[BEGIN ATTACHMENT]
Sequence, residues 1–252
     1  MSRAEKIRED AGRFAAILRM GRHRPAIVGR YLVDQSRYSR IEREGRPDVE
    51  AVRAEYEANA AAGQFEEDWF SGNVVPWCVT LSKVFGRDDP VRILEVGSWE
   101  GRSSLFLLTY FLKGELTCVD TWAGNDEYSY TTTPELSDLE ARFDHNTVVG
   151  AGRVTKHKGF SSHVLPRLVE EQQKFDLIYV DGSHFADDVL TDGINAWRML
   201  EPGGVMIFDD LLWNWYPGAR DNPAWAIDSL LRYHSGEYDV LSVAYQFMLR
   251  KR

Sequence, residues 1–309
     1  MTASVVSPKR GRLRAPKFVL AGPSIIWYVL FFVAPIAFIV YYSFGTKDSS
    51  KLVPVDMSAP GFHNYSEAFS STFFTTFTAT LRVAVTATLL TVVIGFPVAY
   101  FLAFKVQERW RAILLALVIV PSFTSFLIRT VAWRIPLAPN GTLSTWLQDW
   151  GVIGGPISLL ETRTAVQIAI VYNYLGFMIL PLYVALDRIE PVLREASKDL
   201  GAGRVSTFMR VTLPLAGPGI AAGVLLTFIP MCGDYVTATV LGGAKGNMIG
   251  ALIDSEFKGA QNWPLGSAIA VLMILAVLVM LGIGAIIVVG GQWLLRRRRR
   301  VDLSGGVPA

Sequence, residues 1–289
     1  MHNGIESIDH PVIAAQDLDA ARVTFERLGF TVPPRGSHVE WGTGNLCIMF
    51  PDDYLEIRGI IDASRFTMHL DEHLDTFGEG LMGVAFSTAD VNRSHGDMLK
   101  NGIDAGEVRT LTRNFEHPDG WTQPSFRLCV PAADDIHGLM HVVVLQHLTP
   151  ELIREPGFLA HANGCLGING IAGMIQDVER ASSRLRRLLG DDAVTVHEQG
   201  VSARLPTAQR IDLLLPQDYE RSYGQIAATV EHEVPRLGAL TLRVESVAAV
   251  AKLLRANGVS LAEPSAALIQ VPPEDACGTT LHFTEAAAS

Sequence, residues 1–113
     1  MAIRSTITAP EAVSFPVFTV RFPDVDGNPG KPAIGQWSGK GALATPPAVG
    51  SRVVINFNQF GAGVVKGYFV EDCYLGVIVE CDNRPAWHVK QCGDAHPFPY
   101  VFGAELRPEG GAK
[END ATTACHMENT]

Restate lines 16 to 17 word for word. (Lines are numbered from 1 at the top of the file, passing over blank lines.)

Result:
Sequence, residues 1–289
     1  MHNGIESIDH PVIAAQDLDA ARVTFERLGF TVPPRGSHVE WGTGNLCIMF